Mao Zedong and China in the Twentieth-Century World: A Concise History (review)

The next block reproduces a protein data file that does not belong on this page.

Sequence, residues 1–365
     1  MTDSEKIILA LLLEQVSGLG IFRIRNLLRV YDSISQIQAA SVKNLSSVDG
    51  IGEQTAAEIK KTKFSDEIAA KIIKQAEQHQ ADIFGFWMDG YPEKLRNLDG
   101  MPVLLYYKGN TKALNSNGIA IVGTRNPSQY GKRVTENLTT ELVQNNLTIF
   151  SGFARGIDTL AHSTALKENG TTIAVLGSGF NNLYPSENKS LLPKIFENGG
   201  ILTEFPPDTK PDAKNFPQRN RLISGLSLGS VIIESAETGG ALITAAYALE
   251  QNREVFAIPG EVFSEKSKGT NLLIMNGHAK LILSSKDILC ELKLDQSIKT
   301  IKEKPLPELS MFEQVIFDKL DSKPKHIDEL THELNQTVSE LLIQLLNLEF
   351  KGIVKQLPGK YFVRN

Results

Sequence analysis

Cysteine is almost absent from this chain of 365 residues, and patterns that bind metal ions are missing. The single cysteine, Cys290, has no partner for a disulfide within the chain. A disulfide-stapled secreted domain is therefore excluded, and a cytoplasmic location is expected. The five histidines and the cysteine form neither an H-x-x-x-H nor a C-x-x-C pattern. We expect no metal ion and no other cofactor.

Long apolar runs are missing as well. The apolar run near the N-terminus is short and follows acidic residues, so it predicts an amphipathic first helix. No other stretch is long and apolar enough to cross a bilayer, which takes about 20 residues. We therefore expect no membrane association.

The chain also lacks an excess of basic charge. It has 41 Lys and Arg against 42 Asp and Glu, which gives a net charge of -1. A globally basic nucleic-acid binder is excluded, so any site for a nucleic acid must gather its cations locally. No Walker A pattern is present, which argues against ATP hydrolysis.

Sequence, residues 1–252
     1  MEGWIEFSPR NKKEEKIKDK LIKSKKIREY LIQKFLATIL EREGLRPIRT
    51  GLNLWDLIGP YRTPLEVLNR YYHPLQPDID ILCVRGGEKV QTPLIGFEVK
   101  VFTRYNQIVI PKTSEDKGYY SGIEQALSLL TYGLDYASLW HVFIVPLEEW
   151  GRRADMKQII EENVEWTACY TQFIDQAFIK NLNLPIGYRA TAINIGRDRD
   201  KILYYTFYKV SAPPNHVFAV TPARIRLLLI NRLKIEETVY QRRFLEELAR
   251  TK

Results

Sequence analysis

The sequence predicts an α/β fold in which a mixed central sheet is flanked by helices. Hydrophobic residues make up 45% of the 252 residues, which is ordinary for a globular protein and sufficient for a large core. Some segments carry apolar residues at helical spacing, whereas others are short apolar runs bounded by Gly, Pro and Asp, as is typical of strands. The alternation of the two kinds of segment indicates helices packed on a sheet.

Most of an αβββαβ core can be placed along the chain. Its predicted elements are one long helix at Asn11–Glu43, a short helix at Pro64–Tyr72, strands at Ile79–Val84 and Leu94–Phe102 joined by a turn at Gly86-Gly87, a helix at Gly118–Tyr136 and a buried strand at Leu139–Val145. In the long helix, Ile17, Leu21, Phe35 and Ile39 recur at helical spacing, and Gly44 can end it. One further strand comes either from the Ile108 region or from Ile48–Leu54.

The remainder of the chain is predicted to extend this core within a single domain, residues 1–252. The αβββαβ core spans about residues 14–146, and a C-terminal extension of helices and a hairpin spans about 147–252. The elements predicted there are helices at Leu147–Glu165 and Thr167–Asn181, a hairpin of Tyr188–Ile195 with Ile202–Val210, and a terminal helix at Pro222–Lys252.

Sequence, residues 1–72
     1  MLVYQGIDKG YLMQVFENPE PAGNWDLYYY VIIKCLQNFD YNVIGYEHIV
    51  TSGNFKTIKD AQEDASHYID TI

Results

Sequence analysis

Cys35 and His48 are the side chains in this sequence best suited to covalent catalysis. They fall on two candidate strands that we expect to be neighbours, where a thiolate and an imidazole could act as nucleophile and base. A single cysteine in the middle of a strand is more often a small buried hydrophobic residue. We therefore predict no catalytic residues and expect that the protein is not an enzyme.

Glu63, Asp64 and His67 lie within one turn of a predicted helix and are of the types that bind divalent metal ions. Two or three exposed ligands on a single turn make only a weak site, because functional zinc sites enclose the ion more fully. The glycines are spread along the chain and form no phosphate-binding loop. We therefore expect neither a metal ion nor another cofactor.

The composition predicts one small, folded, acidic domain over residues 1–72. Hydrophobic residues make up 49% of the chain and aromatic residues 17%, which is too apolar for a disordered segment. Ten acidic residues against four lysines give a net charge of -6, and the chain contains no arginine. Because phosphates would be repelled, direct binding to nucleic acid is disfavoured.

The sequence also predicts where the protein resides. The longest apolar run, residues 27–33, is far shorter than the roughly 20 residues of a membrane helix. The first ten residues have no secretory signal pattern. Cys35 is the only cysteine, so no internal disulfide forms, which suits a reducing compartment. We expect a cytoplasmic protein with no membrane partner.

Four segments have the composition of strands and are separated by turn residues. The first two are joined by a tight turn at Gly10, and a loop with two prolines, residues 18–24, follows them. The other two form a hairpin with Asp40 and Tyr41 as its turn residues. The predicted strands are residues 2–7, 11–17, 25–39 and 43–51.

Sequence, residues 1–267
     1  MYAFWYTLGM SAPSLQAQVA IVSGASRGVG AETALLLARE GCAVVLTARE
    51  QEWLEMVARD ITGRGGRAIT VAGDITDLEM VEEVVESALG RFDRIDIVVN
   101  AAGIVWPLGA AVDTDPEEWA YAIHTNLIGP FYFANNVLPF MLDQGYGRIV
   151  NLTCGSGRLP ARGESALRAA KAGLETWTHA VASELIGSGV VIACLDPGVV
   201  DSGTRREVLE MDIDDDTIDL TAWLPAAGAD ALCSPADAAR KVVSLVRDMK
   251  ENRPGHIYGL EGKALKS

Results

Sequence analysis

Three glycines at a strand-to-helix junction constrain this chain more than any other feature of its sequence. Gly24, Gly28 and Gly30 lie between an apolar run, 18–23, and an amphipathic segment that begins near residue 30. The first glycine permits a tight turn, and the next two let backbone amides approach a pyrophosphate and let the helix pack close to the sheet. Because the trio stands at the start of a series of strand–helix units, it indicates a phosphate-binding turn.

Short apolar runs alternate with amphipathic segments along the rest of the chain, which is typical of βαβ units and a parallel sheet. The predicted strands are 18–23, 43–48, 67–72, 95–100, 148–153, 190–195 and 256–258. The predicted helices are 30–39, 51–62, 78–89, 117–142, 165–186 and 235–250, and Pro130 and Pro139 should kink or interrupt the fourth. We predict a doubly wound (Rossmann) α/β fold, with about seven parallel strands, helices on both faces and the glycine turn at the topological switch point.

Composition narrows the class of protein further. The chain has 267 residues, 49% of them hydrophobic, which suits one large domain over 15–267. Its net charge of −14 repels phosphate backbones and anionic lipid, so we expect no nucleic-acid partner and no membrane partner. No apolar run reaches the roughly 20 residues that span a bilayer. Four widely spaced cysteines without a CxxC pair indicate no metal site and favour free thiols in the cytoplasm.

China Review International , Volume 17 (3) – Jun 15, 2010